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Sept. 12, 2012 at 5:00 PM
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Obama vows justice in U.S. facility attack

BENGHAZI, Libya, Sept. 12 (UPI) -- President Obama said "justice will be done" in the deaths of the U.S. ambassador and three others killed in the attack on the U.S. Consulate in Benghazi.

U.S. Marines were dispatched to Libya to bolster security in the wake of the attack, The Washington Post reported.

Ambassador Christopher Stevens, Foreign Service Officer Sean Smith and two other Americans were killed when militants attacked the consulate Tuesday, angered over a 13-minute U.S.-made film clip depicting the Prophet Muhammad as a fake and womanizer.

"The United States condemns in the strongest terms this outrageous attack," Obama said Wednesday in a statement. "We will work with the Libyan government to bring justice to the killers who attacked our people."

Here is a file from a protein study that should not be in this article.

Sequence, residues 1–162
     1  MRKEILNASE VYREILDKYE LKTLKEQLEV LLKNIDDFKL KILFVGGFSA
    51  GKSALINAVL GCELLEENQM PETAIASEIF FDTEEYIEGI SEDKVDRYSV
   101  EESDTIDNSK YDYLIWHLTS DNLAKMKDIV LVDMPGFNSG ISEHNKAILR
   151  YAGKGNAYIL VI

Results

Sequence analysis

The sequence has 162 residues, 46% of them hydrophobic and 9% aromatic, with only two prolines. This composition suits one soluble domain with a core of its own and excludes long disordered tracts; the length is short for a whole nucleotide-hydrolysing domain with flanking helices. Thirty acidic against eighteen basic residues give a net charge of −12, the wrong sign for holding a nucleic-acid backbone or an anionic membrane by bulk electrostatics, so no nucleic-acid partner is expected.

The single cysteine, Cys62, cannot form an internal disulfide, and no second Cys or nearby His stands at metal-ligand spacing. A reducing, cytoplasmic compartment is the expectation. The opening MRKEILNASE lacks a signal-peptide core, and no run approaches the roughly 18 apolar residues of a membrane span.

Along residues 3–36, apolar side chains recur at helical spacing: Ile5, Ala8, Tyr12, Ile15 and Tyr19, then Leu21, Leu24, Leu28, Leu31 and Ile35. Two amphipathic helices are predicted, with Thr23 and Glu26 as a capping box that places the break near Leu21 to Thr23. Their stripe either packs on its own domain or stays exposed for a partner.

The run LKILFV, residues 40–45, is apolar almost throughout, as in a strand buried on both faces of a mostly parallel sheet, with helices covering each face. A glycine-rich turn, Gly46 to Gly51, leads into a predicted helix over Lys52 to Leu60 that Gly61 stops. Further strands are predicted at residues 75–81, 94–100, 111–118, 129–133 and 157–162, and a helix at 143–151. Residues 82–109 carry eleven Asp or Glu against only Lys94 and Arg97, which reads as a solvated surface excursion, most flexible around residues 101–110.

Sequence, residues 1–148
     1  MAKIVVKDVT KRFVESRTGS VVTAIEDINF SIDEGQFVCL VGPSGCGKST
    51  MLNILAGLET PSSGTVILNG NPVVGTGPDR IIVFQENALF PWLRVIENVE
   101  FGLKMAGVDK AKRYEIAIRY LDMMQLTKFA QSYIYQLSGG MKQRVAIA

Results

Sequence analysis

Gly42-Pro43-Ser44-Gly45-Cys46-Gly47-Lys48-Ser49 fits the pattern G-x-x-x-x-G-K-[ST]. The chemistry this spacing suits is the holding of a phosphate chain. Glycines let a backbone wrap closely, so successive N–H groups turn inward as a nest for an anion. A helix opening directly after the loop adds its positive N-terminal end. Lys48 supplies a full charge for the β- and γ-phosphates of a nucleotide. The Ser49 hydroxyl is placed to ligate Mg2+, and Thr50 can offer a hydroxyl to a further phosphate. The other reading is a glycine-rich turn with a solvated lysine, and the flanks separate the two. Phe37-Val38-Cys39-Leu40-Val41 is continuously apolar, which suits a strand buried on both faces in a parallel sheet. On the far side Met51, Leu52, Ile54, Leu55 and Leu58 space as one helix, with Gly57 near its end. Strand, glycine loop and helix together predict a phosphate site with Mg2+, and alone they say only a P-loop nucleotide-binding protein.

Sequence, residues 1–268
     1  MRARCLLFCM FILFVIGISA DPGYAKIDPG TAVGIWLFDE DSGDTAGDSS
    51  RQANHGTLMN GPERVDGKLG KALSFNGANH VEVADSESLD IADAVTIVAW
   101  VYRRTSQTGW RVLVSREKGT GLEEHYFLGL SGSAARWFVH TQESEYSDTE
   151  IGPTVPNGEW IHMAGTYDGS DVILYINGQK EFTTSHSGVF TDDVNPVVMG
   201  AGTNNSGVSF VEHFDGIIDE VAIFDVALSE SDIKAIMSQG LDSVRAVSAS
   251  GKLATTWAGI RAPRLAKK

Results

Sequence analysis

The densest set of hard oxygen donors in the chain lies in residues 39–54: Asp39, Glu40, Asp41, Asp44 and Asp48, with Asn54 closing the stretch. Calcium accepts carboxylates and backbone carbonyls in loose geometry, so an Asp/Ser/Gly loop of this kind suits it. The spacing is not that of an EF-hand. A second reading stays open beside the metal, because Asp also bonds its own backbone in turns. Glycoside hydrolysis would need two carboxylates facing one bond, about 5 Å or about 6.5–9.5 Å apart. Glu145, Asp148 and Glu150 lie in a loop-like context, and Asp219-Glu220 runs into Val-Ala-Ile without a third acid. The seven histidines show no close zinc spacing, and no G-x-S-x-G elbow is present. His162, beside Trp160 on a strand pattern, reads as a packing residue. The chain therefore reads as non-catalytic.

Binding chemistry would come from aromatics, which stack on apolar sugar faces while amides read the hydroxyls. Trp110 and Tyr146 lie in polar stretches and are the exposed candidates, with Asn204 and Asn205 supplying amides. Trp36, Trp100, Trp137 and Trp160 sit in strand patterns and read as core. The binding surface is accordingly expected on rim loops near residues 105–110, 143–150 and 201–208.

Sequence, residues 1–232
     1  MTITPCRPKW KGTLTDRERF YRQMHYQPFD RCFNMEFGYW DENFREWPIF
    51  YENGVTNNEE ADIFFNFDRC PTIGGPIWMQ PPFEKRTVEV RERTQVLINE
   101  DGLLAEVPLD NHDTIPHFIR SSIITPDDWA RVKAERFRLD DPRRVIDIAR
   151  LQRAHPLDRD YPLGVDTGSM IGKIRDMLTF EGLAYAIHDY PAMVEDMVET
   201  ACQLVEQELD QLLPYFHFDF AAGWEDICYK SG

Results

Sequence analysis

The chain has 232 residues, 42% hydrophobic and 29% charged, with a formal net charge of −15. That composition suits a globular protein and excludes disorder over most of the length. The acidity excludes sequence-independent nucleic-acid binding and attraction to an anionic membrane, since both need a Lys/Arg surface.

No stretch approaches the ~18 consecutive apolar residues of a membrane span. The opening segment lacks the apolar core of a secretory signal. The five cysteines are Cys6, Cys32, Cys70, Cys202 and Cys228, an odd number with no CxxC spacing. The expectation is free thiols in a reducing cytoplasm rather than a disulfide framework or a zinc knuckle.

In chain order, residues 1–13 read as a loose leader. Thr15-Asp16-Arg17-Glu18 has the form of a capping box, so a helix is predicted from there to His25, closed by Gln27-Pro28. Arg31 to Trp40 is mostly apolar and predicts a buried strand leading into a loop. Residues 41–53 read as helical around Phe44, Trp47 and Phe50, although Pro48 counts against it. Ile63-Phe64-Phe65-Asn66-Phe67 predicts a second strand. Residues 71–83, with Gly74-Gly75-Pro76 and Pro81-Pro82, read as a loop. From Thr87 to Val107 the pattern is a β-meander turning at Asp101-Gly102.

Obama said the United States and Libya were working together to secure the safety of the U.S. diplomatic staff.

Twice during his statement, Obama said, "Justice will be done."

Secretary of State Hillary Clinton was by the president's side as he spoke, but did not speak. When Obama finished his statement, he and Clinton walked back into the White House, ignoring questions shouted from reporters.

The Defense Department ordered two Marine anti-terrorism security teams to Libya, a senior Marine official told the Post.

The FBI said in a statement it is investigating the attack, as well, the Post said.

"The FBI will not speculate on the facts and circumstances surrounding the attacks," the FBI said in a statement.

The Imprisoned Omar Abdul Rahman Brigades, an al-Qaida-affiliated group that previously attacked the consulate, is the primary suspect in Tuesday's attack, sources tracking militant Islamist groups in eastern Libya told CNN. The sources said the attack came after al-Qaida leader Ayman al-Zawahiri said the June death of a senior Libyan member of the terror group Abu Yahya al-Libi must be avenged.